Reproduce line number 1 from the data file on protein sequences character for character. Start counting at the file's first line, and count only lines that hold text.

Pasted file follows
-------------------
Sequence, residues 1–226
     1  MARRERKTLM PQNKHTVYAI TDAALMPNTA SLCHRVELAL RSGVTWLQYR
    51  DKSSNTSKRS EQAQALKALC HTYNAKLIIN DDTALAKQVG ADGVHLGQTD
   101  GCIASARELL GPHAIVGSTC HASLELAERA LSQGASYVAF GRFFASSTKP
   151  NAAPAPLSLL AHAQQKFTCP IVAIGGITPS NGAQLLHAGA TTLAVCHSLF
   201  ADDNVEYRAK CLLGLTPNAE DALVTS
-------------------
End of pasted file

Sequence, residues 1–226